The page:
How States Are Using Executive Orders to Reduce Incarceration During the COVID-19 Pandemic

Authors: Jillian Stein, John Kozar, Sharika Rakibullah

As of July 12, 2020, more than 64,000 incarcerated individuals tested positive for COVID-19. A recent epidemiological study conducted by academic researchers and the American Civil Liberties Union estimates that, unless action is taken, jails will cause between 100,000 and 200,00 additional deaths across the United States. To slow the spread, public health experts have urged policymakers to find ways to responsibly and rapidly reduce the number of people in jails and prisons.

A group of social scientists and data scientists at Mathematica wanted to learn more about how states were addressing this issue. We conducted searches for relevant policies in the 50 U.S. states, the District of Columbia, and five U.S. territories1. We observed a range of efforts by district attorneys, judges, and state executive branches to reduce incarceration. Because executive orders were the most frequently used type of state-wide policy, we focused our initial efforts on documenting and visualizing (1) which states used executive orders to reduce incarceration during the pandemic and (2) which populations of justice-involved people were impacted by these policies.

Use the visualization below to explore which states have used executive orders to release or divert people from incarceration and which justice-involved populations are impacted by these policies. Continue reading for a short summary of our initial findings and suggestions for further research into the impacts of these policy changes.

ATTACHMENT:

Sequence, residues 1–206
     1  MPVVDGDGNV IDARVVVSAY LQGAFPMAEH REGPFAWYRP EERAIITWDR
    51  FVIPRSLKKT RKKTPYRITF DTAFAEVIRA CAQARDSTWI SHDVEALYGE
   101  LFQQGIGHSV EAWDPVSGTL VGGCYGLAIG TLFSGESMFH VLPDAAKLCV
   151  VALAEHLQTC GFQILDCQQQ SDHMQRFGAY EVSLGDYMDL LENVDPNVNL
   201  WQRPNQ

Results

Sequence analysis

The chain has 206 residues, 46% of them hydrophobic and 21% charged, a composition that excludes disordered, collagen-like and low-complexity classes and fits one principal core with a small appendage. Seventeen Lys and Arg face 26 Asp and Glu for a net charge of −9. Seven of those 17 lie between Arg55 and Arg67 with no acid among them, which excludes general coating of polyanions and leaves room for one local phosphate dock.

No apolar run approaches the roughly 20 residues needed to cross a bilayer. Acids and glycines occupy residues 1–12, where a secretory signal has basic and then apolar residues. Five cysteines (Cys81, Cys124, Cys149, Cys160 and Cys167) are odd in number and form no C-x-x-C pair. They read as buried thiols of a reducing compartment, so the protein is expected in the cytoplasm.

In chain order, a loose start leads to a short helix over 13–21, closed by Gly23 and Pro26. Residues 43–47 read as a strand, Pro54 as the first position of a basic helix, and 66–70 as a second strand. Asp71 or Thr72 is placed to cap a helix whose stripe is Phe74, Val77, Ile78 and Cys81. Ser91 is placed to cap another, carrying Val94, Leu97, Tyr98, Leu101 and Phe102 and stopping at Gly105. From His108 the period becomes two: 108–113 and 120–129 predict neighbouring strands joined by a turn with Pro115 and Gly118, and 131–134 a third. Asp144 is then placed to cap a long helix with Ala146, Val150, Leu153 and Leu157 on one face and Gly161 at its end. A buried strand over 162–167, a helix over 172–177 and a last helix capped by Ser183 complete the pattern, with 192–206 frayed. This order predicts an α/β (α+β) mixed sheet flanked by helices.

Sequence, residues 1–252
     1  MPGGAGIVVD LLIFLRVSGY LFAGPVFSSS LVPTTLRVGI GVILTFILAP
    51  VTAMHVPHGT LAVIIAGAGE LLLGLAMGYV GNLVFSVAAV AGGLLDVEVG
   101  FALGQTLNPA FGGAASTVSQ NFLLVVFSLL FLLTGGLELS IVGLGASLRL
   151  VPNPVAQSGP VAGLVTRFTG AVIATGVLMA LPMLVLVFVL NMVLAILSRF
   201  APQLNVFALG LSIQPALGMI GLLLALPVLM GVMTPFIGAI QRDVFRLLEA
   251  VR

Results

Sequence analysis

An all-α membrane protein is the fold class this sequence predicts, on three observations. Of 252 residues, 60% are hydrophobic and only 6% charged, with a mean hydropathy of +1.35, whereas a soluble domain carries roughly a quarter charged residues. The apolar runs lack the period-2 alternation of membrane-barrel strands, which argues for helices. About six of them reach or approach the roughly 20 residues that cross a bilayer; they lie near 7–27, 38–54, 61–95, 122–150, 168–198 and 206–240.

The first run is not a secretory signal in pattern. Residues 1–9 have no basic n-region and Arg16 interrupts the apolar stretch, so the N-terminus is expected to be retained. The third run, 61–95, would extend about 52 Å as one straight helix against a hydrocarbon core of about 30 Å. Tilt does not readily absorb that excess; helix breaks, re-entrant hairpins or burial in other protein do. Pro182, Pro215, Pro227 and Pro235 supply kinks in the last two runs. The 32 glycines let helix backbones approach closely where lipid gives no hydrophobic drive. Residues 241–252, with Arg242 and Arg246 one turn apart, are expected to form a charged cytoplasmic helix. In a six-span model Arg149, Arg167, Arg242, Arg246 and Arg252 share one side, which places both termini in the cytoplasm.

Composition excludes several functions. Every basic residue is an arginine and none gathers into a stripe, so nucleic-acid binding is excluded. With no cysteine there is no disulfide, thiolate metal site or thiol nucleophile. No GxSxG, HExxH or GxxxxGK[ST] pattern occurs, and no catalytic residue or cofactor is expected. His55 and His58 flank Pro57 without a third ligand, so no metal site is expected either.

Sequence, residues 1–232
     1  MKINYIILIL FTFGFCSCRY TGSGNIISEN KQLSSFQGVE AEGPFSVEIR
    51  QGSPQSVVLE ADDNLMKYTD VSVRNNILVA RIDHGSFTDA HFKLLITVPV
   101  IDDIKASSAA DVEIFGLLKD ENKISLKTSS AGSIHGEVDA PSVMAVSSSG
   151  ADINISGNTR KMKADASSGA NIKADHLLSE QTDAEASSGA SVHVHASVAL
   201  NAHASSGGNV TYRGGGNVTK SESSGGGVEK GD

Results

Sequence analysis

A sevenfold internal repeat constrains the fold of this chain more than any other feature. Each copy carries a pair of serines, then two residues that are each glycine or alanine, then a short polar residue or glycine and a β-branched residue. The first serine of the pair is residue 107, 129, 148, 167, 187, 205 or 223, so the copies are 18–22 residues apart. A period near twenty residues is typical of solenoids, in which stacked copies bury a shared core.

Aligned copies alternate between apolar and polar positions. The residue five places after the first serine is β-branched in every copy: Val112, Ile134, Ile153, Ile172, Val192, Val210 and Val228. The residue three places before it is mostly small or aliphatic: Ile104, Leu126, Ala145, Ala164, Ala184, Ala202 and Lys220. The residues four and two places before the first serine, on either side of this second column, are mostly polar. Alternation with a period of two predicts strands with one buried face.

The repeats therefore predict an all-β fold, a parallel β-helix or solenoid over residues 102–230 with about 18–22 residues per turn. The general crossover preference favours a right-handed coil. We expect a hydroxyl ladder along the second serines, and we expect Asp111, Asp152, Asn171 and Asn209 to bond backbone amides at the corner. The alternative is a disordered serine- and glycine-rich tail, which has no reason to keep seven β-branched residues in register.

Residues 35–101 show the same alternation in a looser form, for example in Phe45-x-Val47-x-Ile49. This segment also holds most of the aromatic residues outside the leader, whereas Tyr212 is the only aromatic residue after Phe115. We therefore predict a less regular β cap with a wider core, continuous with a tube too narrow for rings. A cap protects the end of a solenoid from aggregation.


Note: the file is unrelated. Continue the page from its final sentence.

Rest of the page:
Which states used executive orders to limit incarceration during the pandemic?

As of early June 2020, a total of 15 states had executive orders that limited incarceration by releasing or diverting people.

Of the 15 states with relevant executive orders:

  • Five states passed executive orders that both released and diverted people from incarceration.
  • Eight additional states passed executive orders that called for the release of incarcerated people.
  • Two additional states passed executive orders that diverted individuals from incarceration.

Which populations of people are impacted by these executive orders?

Of the 13 states releasing individuals from incarceration:

  • Most are releasing people who are at an elevated risk of contracting the coronavirus, such as older adults (eight states) and people with preexisting health conditions, including pregnancy (eight states).
  • Some states’ executive orders explicitly limit releases to individuals convicted of nonviolent offenses (seven states), nonsexual offenses (five states), or technical violations of probation or parole (two states).
  • Six states are releasing individuals who are nearing their scheduled release date.

Among the 7 states diverting individuals from incarceration:

  • Three states temporarily suspended intake into juvenile detention facilities.
  • One state suspended the requirement to arrest people who commit low-level offenses.
  • Three states temporarily suspended the use of incarceration for individuals who violated probation or parole.

This work documented how states are using executive orders to limit incarceration during the COVID-19 pandemic. Nevertheless, many questions remain regarding the public safety and health implications of these reforms – overall and by sub-groups such as race. Although it will be hard to draw definitive and generalizable conclusions from research conducted during the pandemic, this work should encourage researchers and policymakers to look for innovative ways to draw lessons from these unprecedented policy changes.

The authors wish to thank the following colleagues for their contributions to this project: Tara Merry, Aivo Kivi, Sarah Castro, Rhiannon Jones, Eliza Abendroth, Kevin Conway, Matt Stagner, Marykate Zukiewicz, J.B. Wogan, Demetrius Goosbey, and Caitlin Blocker.


1 Our searches included these five U.S. territories: American Samoa, Guam, the Northern Mariana Islands, Puerto Rico, and the U.S. Virgin Islands.